Due to Popular Demand....Stevia in the Garden

By GabbyPA Latest Reply 2011-10-28 08:57:53 -0500
Started 2011-02-09 07:46:08 -0600

I have been getting a lot of requests about growing stevia from all of you so I will use this discussion to post my success or failure with this new venture.

I had a plant given to me from a friend and it never looked too good, so I was in a garden center the other day and picked up two plants. I kept them in our green house for a week or so and then I let them hang out in the area I was going to plant them for a day. Now they are in the ground and seem to be doing quite well. The leaves are supple and taste very sweet.

I know it is a tropical plant, so if you live up north, you will need to grow it in a pot so you can move it inside for the winter. I actually had to cover mine last night to protect them from frost. I have not gone out yet to see how they did through the night.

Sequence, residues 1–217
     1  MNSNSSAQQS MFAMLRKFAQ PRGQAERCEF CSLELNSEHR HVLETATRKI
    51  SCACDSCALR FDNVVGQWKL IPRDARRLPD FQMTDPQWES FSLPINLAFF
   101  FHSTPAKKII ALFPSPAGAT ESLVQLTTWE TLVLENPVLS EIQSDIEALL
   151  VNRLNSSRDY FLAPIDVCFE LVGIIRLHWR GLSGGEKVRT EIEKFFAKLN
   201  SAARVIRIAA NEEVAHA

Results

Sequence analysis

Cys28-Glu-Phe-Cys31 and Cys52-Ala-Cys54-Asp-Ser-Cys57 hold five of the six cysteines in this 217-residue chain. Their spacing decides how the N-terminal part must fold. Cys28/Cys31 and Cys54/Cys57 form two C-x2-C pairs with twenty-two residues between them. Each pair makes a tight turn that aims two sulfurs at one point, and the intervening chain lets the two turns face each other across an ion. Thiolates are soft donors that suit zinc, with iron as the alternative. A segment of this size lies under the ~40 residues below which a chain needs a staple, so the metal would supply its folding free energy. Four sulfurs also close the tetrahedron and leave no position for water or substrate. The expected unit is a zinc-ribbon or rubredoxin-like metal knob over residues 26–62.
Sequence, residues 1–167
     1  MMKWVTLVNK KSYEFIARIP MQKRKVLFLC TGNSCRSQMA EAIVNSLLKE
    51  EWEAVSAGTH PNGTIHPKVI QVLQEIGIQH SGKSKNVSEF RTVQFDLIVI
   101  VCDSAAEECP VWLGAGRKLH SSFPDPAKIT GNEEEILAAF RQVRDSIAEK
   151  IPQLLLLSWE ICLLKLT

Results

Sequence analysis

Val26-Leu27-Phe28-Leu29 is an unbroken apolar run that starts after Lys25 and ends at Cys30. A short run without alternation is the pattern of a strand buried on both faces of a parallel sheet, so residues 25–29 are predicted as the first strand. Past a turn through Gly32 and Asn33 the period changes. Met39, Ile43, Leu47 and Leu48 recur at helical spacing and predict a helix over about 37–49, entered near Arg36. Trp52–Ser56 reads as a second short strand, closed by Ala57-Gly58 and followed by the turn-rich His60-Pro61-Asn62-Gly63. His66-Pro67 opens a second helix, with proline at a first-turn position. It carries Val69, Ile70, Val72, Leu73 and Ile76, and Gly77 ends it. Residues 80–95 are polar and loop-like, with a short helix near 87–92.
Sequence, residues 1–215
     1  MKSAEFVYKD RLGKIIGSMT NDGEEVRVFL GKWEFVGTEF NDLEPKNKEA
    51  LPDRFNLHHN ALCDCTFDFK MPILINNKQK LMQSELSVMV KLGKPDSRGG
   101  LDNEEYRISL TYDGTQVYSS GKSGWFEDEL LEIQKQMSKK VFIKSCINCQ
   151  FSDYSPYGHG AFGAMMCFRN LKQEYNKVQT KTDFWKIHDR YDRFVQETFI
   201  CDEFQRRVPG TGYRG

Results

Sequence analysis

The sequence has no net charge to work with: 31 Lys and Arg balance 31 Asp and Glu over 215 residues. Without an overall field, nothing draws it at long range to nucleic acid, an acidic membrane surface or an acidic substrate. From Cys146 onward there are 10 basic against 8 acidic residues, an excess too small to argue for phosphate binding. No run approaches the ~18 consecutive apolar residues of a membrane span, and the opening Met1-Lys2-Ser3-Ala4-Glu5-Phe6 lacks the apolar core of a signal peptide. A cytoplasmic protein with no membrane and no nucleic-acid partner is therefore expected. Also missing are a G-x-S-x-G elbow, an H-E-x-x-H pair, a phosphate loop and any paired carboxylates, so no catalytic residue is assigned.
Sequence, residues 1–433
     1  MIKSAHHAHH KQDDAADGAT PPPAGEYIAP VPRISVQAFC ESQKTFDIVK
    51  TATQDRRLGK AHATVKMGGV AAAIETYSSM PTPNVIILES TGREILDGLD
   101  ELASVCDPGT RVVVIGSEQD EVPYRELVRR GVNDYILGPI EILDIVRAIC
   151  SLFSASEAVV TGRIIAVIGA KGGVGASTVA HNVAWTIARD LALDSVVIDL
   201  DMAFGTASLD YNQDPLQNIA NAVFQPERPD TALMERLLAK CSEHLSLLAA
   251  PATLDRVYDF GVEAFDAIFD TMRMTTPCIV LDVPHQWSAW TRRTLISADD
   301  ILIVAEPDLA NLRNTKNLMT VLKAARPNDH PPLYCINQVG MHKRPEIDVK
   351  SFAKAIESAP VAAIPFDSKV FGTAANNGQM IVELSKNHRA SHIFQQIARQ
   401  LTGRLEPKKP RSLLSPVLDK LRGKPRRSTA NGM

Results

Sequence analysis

My goal is to be able to make my own liquid sweetener from seeping the leaves. That is how my friend makes hers. So if any of you have grown it already, please share your tips with us.

30 replies

NavyNerd 2011-07-05 00:01:57 -0500 Report

I was told that the leaves are the sweetest when the plant is flowering.. I container garden, and haven't been able to get mine to bloom, and when I bring it in in teh winter it slows way down so I never can keep up with demand in our home. I use it and when the kids started tasting it, they all jumped teh band wagon too! They will ask for it over anything else now, much to my delight! But I have to supplement what I grow with storebought (organic). When I grow it at home I grow my own tea leaves too, and I discovered that I really enjoy mixing stevia leaves into my tea blends, and brewing it that way.